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$10 Silver Certificate Would Buy $333 Worth Of Silver Today

A $10 bill today doesn’t buy as much as it used to. Yes, indeed… the $10 Federal Reserve Note today would only buy a little more than a half-ounce of silver. However, back in 1934, a $10 Silver Certificate would purchase 18.5 ounces of silver. Try doing that today.

According to Kitco.com, the price of silver in 1934 was 54 cents an ounce. That was a pretty good price for silver because it more than doubled from its low of 25 cents an ounce two years earlier in 1932. When silver was trading at 54 cents an ounce in 1934, the U.S. Treasury issued $10 Silver Certificates:

$10 in Silver Note

From the data at OldCurrencyValues.com, the U.S. Treasury printed over 75 million of these 1934 $10 Silver Certificates (Series A,B,C & D). Thus, the total face value of these $10 Silver Certificates was $750 million, backed by nearly 1.4 billion oz of silver at the Treasury.

75 million $10 Silver Certificates (1934) X 10 = $750,000,000/ 54 cents (silver troy oz) = 1.39 billion oz.

According to the 1935 Annual Report Of Secretary Of the Treasury, a total of $810 million of Silver Certificates were issued in 1934 and 1935. Americans during these years could take their $10 Silver Certificates and receive equal value in bullion or silver granules at the U.S. Treasury. The Treasury reported that $91 million Silver Certificates were redeemed in 1934 alone.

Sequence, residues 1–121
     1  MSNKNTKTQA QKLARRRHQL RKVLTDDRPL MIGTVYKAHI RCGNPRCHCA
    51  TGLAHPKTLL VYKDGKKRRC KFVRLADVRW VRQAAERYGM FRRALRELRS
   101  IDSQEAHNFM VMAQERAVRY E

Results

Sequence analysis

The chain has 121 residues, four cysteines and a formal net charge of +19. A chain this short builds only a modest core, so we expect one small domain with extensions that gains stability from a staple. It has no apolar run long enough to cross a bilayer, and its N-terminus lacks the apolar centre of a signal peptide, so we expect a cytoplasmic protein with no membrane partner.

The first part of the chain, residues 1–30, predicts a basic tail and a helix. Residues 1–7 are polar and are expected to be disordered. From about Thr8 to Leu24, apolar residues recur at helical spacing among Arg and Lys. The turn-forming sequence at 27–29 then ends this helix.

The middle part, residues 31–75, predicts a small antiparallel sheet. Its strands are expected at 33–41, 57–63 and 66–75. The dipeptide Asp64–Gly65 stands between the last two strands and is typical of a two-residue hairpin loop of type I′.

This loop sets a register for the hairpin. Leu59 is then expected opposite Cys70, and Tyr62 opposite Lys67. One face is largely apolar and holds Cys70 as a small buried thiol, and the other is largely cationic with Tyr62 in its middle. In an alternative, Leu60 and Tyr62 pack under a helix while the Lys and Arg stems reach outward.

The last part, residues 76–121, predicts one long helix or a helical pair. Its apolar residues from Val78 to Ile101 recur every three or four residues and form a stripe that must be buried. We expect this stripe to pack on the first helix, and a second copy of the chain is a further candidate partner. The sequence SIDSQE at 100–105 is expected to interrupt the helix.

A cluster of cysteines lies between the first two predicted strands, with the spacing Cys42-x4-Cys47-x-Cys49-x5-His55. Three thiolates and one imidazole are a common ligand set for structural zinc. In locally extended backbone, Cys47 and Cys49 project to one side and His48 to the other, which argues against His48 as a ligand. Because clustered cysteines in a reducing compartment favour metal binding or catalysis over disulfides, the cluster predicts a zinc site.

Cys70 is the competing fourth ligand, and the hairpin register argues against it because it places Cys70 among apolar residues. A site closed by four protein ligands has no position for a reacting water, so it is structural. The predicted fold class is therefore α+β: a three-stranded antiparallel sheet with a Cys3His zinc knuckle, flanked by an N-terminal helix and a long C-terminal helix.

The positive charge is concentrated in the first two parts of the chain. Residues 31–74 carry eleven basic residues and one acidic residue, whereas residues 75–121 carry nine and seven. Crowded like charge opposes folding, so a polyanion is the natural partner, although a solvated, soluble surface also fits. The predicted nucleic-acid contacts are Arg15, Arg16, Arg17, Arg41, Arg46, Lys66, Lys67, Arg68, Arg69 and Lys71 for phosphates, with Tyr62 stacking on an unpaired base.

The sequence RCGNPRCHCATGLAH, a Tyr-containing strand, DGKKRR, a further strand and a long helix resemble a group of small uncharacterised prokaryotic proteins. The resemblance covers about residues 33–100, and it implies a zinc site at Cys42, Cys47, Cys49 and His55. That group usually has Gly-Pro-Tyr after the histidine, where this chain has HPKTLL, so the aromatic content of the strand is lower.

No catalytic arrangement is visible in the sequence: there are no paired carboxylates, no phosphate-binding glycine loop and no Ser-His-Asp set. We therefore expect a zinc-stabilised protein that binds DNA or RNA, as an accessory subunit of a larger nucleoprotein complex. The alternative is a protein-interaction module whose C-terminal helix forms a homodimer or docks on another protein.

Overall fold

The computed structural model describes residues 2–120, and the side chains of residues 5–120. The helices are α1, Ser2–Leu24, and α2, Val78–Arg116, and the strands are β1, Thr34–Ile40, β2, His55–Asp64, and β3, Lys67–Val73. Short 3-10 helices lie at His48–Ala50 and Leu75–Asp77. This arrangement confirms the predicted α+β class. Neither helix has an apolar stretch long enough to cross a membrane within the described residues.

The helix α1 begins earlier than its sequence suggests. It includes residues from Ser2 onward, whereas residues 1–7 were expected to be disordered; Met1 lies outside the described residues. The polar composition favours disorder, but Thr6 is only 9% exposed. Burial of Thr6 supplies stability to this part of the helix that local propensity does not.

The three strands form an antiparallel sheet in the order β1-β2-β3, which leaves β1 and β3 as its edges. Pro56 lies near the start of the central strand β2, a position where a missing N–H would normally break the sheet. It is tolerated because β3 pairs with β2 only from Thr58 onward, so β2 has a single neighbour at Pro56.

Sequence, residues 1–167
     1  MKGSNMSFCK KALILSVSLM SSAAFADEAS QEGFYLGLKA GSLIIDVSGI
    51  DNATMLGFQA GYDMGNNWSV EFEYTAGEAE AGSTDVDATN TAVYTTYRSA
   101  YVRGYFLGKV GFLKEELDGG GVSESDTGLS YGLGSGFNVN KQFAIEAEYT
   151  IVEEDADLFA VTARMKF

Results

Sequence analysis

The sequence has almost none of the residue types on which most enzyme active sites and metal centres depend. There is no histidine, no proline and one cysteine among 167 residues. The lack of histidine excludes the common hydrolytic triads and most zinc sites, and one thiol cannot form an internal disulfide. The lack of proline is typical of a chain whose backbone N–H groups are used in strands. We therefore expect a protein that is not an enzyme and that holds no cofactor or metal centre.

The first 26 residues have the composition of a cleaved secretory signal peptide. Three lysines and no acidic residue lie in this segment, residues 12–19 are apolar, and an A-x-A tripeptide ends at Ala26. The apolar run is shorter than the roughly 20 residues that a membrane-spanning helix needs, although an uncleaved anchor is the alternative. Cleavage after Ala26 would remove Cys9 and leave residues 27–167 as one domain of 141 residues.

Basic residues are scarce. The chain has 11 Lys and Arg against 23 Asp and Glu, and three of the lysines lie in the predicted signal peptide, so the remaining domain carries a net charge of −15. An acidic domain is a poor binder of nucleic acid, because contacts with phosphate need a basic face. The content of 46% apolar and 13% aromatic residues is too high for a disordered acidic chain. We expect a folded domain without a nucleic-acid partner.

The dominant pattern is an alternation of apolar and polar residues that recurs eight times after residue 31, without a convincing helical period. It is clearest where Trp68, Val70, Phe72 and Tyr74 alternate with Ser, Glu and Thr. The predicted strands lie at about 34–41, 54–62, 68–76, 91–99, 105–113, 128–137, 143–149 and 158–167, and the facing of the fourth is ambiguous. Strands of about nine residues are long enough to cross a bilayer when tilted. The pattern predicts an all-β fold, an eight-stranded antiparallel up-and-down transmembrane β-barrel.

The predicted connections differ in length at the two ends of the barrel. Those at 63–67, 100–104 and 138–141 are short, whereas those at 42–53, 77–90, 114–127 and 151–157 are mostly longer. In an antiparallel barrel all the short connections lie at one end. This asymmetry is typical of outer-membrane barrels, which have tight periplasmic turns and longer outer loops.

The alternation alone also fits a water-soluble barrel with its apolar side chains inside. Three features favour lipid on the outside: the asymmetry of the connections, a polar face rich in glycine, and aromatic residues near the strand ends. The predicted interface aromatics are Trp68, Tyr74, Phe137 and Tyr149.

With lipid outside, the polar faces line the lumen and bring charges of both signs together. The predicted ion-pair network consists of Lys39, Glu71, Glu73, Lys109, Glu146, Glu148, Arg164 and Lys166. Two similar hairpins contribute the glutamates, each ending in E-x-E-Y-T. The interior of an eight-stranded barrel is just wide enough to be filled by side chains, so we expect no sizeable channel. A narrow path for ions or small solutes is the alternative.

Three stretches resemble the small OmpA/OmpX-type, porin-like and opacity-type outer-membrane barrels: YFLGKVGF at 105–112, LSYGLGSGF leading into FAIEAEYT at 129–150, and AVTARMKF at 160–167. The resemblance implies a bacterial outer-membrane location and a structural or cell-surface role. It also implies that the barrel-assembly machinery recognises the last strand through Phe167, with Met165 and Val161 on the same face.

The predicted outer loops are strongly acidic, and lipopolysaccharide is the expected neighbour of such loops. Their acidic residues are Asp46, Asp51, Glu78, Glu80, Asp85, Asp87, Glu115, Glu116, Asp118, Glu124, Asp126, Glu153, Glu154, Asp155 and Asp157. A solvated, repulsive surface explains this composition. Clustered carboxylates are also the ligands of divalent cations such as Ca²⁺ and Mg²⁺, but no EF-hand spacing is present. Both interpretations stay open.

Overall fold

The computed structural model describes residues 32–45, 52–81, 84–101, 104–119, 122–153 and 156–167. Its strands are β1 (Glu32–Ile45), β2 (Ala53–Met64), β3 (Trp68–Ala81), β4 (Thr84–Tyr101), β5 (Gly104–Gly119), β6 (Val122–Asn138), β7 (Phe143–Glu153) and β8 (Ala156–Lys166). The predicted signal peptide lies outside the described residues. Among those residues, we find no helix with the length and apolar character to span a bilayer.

The following chart shows how much silver a $10 Silver Certificate would purchase in 1934 versus a $10 Federal Reserve Note today:

$10 Silver Certificate vs. $10 Federal Reserve Note: How Much Silver Would Each Purchase

An American would receive approximately 18.5 ounces of silver for redeeming a $10 certificate in 1934. However, if U.S. citizens wanted to purchase silver on the open market with a $10 Federal Reserve Note, they would only receive 0.56 ounces of silver.

Furthermore, if we take that 18.5 troy ounces of silver that a $10 Silver Certificate would worth in 1934 and sell it today, it would fetch $333. We must remember, Silver Certificates were backed by real money, SILVER. A $10 Federal Reserve Note is not backed by real money, but rather, $26.3 trillion of total Public Debt.

$10 Silver Certificate vs. $10 Federal Reserve Note

Since the global contagion hit the United States in mid-March, total U.S. Public Debt has increased a stunning $3 trillion. So, in a little more than three months, the U.S. Public debt increased more than the $2.7 trillion for 2018 and 2019 combined.

While the paper gold and silver prices may decline along with the broader stock markets temporarily, I believe we are going to see PHYSICAL INVESTMENT DEMAND as we have never seen before. At some point, physical investment demand will be the leading driver of the silver price.

I caution investors who are putting most of their funds in paper silver assets (not including mining stocks). Silver ETFs and Futures on the Exchanges should only be used (by professionals) to “TRADE” silver, not to STORE WEALTH.

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